Do you think it’s rude when people converse in a foreign language right in front of you? Because I’m bilingual, I know what it’s like to be on both sides of this conversation.
We live in a neighborhood where there are a lot of immigrants from numerous countries — China, Taiwan, Korea, Iran, India, Pakistan, Japan, Brazil, Mexico, etc. — and you constantly hear people speaking in different languages. Although English is the common thread amongst all the residents here in Irvine, CA, a majority of the parents at my kids’ school speak it as a second language. As I look around the room during a PTA meeting, I can see that most parents are straining to understand what the principal is saying. I also notice that many of the principal’s jokes fall flat, not because she’s not funny but because the parents just don’t comprehend the words being spoken. I help out by laughing extra loud for her.
If there is a Japanese parent in the room, I usually try to give them a synopsis of the dialogue at the podium by interpreting what was being said. I grew up doing this for my own parents during junior high and high school. It used to be a source of embarrassment to me as a teenager, but now I appreciate having acquired the ability to translate, because it has become a real marketable skill for me today. But it took years to get to where I am now.
There were a few Japanese girls in my elementary school who were more proficient in English than I was, so when I had just arrived from Japan as a shy third grader, they were my lifeline at P.S. 24 in Bronx, NY. They helped explain what was going on in the classroom, what my homework was, and why they served fish in the cafeteria on Fridays (for the Catholic students) and matzo bread during passover (for the Jewish friends).
Some insensitive classmates would be offended by us conversing in Japanese in the hallways and would cut in, “Hey, don’t you know we’re in America now?” and act like a clown, which was probably normal for prepubescent boys who secretly had a crush on one of us. Other sweet friends would try to engage by speaking to us slowly and asking us how to say certain words in Japanese and try to learn from us. Let’s just say that there was a spectrum of reactions from our classmates in this regard.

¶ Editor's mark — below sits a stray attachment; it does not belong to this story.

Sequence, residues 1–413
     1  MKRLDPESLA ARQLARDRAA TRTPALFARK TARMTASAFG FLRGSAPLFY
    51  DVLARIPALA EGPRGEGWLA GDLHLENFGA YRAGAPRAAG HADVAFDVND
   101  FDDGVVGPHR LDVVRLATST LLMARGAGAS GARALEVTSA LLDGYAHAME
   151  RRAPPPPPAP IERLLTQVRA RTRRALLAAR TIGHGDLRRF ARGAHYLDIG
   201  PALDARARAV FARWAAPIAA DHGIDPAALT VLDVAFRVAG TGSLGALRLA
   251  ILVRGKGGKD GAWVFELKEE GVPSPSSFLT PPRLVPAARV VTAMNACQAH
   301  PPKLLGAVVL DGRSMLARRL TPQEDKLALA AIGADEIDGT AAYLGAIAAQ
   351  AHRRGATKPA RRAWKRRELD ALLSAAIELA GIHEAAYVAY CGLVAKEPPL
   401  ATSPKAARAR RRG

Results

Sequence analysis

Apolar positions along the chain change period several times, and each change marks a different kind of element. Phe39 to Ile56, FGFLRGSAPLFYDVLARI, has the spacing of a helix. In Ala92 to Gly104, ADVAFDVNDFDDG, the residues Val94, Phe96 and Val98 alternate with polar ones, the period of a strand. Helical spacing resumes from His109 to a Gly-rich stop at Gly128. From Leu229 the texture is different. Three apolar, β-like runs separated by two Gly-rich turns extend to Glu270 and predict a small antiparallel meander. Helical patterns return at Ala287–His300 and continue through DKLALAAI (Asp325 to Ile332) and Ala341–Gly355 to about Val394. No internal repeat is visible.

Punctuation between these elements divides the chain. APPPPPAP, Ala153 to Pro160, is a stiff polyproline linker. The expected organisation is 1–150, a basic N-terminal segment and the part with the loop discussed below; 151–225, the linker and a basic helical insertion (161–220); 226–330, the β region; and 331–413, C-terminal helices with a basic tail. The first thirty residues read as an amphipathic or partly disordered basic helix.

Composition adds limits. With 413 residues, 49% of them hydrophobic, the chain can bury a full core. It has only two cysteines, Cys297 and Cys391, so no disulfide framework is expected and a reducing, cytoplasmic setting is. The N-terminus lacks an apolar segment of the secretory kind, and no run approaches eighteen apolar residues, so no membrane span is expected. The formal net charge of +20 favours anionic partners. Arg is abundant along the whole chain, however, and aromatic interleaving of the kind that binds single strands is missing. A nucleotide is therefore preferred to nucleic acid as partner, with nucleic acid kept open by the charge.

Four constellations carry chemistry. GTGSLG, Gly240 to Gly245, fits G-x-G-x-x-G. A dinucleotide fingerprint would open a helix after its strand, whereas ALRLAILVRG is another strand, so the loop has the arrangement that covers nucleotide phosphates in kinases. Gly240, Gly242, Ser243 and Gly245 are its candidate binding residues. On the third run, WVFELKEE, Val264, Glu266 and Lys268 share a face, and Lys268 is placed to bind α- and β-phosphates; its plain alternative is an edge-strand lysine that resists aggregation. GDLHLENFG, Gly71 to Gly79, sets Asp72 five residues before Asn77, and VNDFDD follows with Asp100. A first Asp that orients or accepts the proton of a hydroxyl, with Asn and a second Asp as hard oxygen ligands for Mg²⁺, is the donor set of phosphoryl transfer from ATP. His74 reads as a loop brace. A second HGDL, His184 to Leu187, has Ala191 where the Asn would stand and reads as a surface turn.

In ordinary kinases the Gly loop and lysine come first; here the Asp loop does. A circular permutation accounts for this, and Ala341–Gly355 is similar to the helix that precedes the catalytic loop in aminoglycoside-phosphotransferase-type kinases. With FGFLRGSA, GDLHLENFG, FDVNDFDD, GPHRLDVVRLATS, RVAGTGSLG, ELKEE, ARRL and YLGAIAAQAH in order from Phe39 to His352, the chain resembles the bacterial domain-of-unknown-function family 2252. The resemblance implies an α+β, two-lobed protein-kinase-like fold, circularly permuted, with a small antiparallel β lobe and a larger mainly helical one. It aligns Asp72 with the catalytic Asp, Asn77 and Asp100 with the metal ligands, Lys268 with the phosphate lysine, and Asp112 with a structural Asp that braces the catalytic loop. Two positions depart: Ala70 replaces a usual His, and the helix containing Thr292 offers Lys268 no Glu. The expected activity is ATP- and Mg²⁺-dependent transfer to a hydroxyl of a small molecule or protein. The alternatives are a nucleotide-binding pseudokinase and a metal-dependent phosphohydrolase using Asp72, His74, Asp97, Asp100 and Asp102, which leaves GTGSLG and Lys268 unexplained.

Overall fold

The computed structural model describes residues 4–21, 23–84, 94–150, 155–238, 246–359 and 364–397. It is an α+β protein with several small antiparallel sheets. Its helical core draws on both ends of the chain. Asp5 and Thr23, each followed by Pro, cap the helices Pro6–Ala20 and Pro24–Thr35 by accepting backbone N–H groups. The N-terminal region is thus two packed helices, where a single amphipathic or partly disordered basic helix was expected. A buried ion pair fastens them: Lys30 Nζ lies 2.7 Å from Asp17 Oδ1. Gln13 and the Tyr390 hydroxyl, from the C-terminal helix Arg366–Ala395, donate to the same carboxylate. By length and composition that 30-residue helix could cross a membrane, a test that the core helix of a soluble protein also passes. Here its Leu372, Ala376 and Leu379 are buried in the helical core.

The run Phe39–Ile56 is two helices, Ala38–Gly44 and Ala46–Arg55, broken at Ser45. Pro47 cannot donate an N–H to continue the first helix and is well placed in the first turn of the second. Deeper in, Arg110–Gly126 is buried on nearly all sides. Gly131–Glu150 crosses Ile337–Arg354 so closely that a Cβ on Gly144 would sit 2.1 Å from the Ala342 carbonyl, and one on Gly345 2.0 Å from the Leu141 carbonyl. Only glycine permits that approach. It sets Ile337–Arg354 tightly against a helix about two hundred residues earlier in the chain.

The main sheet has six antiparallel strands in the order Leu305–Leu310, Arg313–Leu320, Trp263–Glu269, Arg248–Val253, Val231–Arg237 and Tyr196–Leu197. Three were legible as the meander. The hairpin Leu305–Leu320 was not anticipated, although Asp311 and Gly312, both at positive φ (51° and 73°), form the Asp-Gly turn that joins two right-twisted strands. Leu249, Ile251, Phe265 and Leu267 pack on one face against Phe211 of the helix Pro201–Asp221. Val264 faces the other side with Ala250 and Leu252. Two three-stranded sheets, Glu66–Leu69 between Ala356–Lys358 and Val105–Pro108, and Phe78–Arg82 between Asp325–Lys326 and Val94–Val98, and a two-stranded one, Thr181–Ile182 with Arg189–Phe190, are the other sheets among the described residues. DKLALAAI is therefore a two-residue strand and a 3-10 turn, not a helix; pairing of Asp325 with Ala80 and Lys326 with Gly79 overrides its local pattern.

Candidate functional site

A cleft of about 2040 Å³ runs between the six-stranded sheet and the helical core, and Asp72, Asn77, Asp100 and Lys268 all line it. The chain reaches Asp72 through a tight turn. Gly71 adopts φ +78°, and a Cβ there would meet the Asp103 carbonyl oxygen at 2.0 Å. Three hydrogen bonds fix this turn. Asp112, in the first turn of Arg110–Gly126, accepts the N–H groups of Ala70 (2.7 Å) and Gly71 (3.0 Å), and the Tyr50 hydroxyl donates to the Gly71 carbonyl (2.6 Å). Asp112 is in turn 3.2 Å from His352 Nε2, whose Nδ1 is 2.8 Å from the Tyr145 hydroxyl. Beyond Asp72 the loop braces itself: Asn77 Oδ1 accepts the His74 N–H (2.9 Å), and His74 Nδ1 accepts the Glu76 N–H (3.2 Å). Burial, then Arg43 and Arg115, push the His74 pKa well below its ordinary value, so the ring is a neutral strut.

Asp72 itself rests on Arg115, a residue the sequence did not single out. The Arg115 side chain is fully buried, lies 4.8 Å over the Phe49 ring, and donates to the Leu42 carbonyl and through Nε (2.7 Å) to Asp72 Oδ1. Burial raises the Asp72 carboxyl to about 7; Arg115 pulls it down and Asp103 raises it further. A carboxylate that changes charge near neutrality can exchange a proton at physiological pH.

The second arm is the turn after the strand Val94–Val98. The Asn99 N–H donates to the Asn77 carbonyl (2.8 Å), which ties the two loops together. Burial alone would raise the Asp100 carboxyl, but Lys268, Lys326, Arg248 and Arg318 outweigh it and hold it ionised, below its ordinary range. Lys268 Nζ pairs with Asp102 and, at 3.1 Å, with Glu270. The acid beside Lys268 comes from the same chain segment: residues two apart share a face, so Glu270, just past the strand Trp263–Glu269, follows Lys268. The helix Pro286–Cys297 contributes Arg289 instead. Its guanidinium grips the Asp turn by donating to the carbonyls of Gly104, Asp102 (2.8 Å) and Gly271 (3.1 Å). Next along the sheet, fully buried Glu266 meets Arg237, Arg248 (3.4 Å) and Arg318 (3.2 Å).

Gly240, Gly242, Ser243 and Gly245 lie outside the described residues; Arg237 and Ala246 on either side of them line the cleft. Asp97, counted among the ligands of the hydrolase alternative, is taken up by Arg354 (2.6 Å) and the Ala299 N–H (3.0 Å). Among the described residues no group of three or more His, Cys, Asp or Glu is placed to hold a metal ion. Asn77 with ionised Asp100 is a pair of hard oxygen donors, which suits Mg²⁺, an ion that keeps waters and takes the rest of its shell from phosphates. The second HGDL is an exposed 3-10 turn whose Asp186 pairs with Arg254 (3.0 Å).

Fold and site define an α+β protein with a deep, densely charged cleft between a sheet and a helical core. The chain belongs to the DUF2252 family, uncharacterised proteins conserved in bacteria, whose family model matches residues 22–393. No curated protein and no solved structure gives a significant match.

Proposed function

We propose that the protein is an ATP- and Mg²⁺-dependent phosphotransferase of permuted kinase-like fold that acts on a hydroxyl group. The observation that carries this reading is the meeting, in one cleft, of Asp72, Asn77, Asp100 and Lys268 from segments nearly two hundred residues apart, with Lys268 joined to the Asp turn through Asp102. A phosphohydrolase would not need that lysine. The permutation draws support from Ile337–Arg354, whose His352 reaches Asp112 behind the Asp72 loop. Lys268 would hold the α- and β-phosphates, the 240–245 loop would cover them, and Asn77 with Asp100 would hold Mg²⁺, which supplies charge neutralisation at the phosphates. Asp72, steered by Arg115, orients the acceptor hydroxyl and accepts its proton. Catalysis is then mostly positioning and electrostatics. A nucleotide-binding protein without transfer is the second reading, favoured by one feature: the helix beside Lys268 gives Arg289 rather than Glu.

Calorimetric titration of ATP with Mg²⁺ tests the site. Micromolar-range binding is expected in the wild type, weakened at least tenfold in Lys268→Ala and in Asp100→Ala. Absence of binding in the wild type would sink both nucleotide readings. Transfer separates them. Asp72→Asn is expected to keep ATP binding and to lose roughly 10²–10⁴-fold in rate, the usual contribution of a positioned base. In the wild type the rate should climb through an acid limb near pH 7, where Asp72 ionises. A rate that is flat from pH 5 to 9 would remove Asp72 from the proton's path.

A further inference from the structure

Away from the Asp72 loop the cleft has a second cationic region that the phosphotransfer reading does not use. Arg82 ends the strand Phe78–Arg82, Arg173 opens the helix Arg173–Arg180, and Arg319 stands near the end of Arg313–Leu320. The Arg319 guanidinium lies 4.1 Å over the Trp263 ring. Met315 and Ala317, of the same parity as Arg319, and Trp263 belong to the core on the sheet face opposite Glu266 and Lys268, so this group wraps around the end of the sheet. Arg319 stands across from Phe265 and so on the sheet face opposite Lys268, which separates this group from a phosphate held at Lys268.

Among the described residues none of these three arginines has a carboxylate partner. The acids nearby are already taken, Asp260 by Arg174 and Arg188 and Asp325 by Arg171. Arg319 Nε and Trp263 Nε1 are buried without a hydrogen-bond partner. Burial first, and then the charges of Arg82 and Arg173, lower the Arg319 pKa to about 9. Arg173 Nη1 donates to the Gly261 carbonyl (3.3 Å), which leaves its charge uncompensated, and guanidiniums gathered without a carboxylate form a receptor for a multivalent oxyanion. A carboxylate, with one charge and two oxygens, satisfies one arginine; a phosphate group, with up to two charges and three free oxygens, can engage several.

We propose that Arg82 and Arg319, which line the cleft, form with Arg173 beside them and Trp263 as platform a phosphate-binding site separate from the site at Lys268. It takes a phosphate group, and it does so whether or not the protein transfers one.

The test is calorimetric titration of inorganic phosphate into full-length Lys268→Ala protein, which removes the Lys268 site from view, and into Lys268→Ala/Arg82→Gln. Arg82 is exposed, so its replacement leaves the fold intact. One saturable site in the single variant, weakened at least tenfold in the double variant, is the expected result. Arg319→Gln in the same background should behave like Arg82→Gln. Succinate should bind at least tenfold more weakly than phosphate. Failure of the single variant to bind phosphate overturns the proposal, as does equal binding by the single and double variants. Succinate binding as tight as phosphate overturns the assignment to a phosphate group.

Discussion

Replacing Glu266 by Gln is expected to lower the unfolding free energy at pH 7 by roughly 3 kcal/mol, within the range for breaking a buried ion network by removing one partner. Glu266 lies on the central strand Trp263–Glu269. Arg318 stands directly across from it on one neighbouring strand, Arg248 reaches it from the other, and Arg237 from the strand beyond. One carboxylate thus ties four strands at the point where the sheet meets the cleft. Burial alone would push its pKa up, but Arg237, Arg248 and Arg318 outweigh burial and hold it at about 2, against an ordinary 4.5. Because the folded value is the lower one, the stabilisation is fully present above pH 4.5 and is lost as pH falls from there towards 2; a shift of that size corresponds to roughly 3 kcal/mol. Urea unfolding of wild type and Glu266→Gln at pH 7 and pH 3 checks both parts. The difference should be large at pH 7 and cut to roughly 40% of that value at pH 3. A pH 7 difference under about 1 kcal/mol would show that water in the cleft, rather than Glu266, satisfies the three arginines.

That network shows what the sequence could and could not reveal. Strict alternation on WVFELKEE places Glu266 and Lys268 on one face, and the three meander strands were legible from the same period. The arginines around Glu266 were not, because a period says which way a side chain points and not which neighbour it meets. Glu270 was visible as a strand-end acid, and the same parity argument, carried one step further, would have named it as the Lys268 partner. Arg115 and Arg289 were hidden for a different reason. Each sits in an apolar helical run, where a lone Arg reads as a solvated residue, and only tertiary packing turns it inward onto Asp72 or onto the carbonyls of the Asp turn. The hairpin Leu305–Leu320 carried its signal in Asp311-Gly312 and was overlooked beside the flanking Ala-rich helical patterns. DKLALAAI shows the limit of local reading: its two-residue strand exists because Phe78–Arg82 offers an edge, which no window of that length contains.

Fast forward several decades to now, in Irvine, where English is a second language to many residents. One time, I walked into a bathroom at a restaurant where a couple of attractive Asian ladies were talking excitedly with each other in their own language. After they walked out, I heard a couple of Caucasian ladies say to each other, “Wow, that was rude. Don’t they realize that there are other people in here who don’t speak their language?” I had to bite my tongue. Why should someone switch to a language they’re not very proficient at — English — just because you’re in the room?
Perhaps people are paranoid of others talking about them. I do see that happening so obviously at nail salons where the gals chatter away in their own language, laughing while glancing at a particular customer. That, I do agree, is rude. I do confess that I myself have switched to Japanese while hanging out with my sisters to subtly say something that we don’t want everyone around us to understand (“Over-Botoxed face at 3 o’clock!”). It’s no different than friends giving signals, speaking in code, or using Pig Latin to try to be covert in their communication.
I am not making any statements here about officially declaring English as the national language or abolishing ESL classes at school. I would agree with most of you that it is essential to learn English if you want to get ahead in academics and in your career. I’m just talking about letting people speak in whatever tongue they prefer amongst their own family and friends, even in public. Just let them be. That’s what my kids do with all of their friends at school — some in Korean, some in Chinese, others in Japanese, but all of them bilingual students who float between languages just as easily as they float amongst different circles of friends.
Traveling abroad to foreign countries just might give you a little insight. In fact, you might find yourself quoting with me, “Do to others as you would have them do to you.” (Luke 6:31)